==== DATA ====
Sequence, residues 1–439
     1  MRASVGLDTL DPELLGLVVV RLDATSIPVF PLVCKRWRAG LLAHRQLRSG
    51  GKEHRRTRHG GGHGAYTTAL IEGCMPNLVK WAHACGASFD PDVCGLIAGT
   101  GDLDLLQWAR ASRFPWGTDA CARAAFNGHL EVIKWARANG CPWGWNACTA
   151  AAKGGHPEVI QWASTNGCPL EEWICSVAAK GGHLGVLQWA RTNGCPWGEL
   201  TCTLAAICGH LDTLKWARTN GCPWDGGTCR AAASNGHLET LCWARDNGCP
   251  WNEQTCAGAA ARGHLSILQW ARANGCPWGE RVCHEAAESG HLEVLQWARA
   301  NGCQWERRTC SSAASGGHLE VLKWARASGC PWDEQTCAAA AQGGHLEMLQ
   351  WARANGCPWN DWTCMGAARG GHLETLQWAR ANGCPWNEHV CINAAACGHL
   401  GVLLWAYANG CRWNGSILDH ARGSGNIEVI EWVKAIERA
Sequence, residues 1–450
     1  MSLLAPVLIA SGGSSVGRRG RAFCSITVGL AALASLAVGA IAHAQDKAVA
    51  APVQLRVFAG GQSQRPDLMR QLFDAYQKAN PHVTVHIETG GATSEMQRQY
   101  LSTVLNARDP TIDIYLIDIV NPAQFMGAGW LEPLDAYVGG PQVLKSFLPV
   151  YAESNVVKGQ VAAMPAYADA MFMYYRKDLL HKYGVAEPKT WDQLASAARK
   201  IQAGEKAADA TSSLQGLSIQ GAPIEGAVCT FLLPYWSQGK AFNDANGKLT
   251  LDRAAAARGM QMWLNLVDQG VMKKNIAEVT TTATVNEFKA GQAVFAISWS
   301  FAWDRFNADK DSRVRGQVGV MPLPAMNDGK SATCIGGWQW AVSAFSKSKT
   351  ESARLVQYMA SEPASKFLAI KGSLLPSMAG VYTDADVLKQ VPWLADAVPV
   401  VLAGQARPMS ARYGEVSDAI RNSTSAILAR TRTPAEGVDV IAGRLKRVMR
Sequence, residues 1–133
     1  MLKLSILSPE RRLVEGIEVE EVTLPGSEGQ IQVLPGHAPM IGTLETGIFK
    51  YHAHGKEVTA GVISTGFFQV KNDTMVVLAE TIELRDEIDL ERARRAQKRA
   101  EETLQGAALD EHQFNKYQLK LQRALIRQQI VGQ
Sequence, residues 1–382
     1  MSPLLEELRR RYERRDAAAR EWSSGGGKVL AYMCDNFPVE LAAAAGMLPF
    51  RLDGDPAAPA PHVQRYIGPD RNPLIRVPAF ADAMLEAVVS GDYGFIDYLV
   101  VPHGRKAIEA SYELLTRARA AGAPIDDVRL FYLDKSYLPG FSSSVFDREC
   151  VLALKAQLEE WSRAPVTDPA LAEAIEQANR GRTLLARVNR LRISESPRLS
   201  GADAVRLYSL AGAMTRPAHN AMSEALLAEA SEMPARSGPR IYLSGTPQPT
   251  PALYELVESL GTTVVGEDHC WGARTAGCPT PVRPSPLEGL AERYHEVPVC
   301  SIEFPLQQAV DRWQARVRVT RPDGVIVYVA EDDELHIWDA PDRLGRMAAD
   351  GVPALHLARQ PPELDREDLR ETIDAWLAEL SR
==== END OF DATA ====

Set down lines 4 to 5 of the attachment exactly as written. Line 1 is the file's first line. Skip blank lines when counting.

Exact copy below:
   101  GDLDLLQWAR ASRFPWGTDA CARAAFNGHL EVIKWARANG CPWGWNACTA
   151  AAKGGHPEVI QWASTNGCPL EEWICSVAAK GGHLGVLQWA RTNGCPWGEL